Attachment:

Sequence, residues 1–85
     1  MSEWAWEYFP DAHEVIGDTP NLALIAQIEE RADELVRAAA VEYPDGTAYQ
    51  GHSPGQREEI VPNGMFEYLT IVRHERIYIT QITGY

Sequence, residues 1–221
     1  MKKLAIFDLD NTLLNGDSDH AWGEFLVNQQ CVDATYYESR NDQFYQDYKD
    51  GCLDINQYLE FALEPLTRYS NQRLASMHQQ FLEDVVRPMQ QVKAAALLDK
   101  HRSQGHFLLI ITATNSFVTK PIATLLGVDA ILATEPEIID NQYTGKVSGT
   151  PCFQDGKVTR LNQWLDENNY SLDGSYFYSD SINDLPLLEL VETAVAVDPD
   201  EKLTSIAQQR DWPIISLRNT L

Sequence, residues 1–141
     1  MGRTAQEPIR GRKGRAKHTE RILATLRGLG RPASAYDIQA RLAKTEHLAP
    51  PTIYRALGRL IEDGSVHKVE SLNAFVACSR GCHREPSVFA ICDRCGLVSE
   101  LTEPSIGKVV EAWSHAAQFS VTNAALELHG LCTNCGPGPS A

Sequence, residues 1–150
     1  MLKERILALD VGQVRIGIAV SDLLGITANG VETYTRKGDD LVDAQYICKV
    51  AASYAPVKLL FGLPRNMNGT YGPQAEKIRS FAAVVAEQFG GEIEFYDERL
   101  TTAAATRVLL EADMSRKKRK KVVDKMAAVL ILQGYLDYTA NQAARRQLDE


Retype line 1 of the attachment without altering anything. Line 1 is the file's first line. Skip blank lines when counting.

Sequence, residues 1–85